Just One Minute
How does spray injection patching lead to greater efficiency, production and profit? The key stems from the speed and efficiency of these machines.
Although it involves four steps, the spray injection process provides a faster option because the entire method is mechanized. Because repairs can be completed from inside the cab, the operator doesn’t waste precious minutes entering and exiting after each job. There is also no equipment with which to hassle, translating into time saved from unloading and loading at the site of each new pothole. Finally, cones, arrow boards and other safety precaution items need not be set up, as traffic can continue, uninterrupted while a pothole is being repaired.
Additionally, the entire repair job can take just one minute from start to finish – making it up to four times faster than traditional methods. Increased productivity means more potholes repaired with less interruptions to traffic all resulting in happier motorists. But speed reflects only one factor in overall efficiency. The other is labor savings.
One Man Show
Unlike other methods, spray patching truly is a successful one-man show. While other methods require six laborers subjected to a time-intensive and grueling job, one worker and one machine can easily handle a spray patching job from start to finish. Less manpower means fewer workers to pay and a lower-cost repair – all equaling a strong ROI on the equipment purchase.
But benefits exist beyond dollar savings. With the number of required laborers reduced to one, the remaining five crew members are free to be utilized on other projects. More projects completed with the same amount of laborers translates into a huge productivity benefit. And let’s face it, who isn’t being stretched to do more with less?
Another consideration that adds up, especially over time, is material savings. Between excess mix waste and required equipment, total material costs are often a downfall of traditional patching methods.
The mix used in spray injection patching is a combination of aggregate and emulsion. Traditional methods typically use either hot-mix asphalt or a pre-blended, pre-bagged mix. Several years ago, the price of spray injection mix was significantly lower than alternatives. However, oil prices have since pushed up the price of emulsion, and today the three mix types are closely priced. The greatest factor affecting costs really boils down to the most economical use of material.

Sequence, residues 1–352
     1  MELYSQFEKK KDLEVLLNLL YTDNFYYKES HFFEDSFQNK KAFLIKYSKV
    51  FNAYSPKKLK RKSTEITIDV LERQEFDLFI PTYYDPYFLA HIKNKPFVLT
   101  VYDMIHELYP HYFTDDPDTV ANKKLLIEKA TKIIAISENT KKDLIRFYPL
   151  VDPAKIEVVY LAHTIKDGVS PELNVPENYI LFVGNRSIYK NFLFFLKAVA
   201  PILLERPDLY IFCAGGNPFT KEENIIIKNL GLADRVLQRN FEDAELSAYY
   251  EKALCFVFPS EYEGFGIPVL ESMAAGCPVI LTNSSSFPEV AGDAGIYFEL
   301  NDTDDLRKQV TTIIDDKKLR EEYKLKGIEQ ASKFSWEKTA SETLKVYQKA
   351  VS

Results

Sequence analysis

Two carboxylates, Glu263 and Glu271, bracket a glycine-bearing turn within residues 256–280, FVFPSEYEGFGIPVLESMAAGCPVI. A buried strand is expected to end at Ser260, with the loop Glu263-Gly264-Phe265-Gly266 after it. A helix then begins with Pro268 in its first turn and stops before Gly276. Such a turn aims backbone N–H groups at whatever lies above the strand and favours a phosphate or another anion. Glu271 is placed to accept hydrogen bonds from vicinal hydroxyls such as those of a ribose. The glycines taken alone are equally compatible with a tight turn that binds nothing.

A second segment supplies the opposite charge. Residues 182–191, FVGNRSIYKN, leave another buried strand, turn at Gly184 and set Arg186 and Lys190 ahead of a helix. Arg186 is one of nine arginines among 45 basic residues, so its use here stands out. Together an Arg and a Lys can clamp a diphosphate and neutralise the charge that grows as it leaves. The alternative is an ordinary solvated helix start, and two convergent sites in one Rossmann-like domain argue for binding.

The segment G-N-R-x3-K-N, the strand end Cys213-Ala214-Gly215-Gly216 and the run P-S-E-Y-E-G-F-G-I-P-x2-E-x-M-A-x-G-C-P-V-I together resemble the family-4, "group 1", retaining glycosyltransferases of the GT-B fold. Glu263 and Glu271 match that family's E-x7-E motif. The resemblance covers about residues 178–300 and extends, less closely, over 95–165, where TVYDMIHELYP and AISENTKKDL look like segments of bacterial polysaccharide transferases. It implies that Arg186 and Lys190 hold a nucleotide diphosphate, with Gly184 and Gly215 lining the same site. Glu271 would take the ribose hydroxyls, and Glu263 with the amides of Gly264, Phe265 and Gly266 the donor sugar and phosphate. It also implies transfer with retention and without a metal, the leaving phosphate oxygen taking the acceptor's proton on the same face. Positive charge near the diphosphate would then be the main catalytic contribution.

Hot-mix asphalt, typically used in two common styles of patching, is the ideal choice over cold-mix in terms of patch quality and longevity. The heat allows a stronger, longer-lasting bond to be formed between the mix and existing asphalt. The drawback of hot-mix is that it must be kept at its optimum temperature, at all times, to remain usable. If hot-mix loses its ideal temperature, it becomes worthless and must be discarded.
Hot-mix has no shelf life and can’t be reused from one day to the next. At the end of a workday, any leftover material must be thrown out. Similarly, pre-mixed aggregate, used in more basic patching techniques, doesn’t store well and isn’t reusable. Any material left at the end of a workday ends up as waste. This can be a huge cost drain if workers improperly calculate material needs or an emergency interrupts the planned projects.
Because spray patch material is mixed just before it’s sprayed down, the process produces minimal waste. At the end of the day, there’s no concern of wasted mix. Therefore, though the initial material costs remain the same, eliminating any chance of wasted material significantly reduces operating costs.
But beyond mix, another material cost worth considering is equipment used during the repair process. Simple repair methods use simple equipment like shovels and rakes, while more complex techniques require complex machines like plate compactors and asphalt pavers. The spray injection method utilizes one machine – a spray patcher. No additional equipment means less time spent on cleaning and maintenance, not to mention eliminating the large initial equipment investment.